Finance Indaba 2016: Cassel & Co is your financial recruitment specialist
"We have deep insights into the industry, including regulatory and governance issues, which makes the recruitment process much smoother and more professional, both from a candidate and a client perspective," says Georgina Barrick, MD of Cassel & Co, a silver partner at the Finance Indaba Africa 2016 on 13 and 14 October 2016 at the Sandton Convention Centre in Johannesburg.
In the coming weeks and months, we will be chatting to all the Indaba partners, asking them why they are joining the event and what their most important message for finance professionals is.
Do you want to hear more about how Cassel & Co can help you meet your staffing requirements? Do you want to be informed about the latest and greatest in finance? Then don't miss the Finance Indaba Africa 2016.
Why will you be present at the Finance Indaba?
"Cassel & Co is a specialist in the finance and accounting recruitment sector. We are nearly 30 years old and fanatical about finance - we don't do any other form of recruitment. We felt that the Finance Indaba was a fantastic platform for us to showcase our services and meet clients and candidates who would squarely fit into the work we do."
What will you be talking about?
"I will be giving a talk about how to select a headhunter or recruiter on behalf of your company or if you're looking to make a career change yourself. What are some of the things you should consider as a candidate in your search for a new opportunity? I will be providing tips and hints, examining the role of LinkedIn and potential pitfalls and covering how to engage professionals on your behalf."
What are the challenges you can help finance professionals with in 2016?
"Cassel & Co is well positioned to assist finance professionals in particular because that is all we are focused on. It is not like we work on a PA position the one day and a warehouse manager the next and then a CFO after that. We only focus on finance and accounting professionals, which means that the networks and company we keep are dedicated to that sector. The result is that we have deep insights into the industry, including regulatory and governance issues, which makes the recruitment process much smoother and more professional, both from a candidate and a client perspective. We also have a strategic partnership with SAIPA and a focus area going into 2017 will be the education of non-CAs into the continuing professional development process at SAIPA. There are some exciting things on the horizon in 2017."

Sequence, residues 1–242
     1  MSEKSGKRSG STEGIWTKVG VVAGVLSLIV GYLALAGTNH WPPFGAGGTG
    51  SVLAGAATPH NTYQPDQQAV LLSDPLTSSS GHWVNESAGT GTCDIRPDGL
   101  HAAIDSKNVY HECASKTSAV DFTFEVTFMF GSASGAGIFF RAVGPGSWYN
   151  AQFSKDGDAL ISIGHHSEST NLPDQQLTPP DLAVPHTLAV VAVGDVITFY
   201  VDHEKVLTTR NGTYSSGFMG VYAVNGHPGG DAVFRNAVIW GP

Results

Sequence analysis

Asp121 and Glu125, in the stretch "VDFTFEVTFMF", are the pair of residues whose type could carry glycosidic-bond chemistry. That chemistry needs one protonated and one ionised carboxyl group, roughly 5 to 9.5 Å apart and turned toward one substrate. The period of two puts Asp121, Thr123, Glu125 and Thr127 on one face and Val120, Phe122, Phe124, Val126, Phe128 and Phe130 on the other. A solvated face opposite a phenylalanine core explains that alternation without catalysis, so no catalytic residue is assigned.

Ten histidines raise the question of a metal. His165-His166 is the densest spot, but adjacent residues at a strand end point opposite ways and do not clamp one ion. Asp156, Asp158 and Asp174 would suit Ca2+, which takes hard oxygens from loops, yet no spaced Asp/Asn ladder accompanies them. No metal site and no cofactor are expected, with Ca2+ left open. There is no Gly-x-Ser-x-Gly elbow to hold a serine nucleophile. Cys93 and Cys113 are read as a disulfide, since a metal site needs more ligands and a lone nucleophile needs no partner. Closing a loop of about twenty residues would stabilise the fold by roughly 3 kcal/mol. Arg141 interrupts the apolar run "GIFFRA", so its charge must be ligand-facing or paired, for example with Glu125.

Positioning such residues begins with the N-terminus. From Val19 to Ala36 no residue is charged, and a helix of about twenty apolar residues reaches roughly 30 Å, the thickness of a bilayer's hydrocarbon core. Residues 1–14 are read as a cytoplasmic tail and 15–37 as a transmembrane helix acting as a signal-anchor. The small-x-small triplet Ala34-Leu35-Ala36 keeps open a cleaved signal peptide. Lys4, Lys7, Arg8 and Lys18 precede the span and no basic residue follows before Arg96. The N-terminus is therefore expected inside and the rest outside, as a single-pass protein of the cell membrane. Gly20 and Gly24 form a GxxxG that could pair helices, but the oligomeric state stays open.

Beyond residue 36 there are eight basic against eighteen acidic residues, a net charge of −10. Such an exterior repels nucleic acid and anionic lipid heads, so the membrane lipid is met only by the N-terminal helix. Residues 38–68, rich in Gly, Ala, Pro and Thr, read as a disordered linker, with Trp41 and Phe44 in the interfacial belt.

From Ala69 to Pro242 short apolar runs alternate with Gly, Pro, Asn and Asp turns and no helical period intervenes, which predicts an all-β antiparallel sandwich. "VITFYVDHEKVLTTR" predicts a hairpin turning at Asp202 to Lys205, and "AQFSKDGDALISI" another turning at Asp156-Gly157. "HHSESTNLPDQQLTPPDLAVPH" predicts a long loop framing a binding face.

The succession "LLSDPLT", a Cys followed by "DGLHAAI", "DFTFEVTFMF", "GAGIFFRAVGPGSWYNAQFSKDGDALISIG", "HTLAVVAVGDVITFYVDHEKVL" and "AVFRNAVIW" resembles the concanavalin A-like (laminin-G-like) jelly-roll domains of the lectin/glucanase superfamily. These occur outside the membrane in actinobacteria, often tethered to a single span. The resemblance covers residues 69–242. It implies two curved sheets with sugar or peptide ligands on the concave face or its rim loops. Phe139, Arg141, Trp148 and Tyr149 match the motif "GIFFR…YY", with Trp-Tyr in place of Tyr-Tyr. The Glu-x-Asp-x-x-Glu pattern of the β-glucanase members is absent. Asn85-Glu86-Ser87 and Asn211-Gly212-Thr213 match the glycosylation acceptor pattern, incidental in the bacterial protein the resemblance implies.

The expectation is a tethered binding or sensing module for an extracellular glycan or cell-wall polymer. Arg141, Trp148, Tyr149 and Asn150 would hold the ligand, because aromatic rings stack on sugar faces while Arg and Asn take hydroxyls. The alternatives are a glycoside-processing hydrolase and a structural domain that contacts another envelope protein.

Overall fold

How has the current economic maelstrom affected the recruitment sector?
"There is an up and a downside to it. Inflation was down slightly in the last quarter and the monetary policy committee maintained the interest rate, but the average South African is paying their creditors more slowly and organisations want to hold onto their money longer. In that particular space, there is probably going to be an uptick for us. It becomes more difficult to collect money and organisations are looking for slicker, better people to help them do this. The downside is that there is the possibility in big financial teams that the financial manager will take on more responsibilities so they don't have to increase heads. Largely, the financial and accounting sector is more recession-proof than other sectors. When economy is tough, organisations tend not to spend money on things like HR and marketing."
What do firms need to bear in mind when incentivising their workforces?
"There are positive and negative incentives in term of being able to achieve quality within a given timeframe. The penalty for not achieving targets might simply be not getting the incentive. Sometimes incentives, when not properly thought through, drive the wrong behaviours, because ultimately, particularly for ourselves in a sales environment, you've got to be selling a candidate or service to a client that is in the best interest of the candidate or client. If you incentivise people incorrectly, sometimes they will act in their own interest and there will be no point to it. It doesn't matter how good your product is, even if Elon Musk designed it, don't sell me a Kreepy Krauly if I don't have a swimming pool. It doesn't matter how good the incentive is, it always has to meet the need of the client. If you over-incentivise people, sometimes this objective is met, but things fall apart. If you incentivise a salesman to sell photocopiers, for instance, he will do all he can to do so, but it may not be what a particular client needs, and it is the same when it comes to recruitment or services. The need of client is paramount."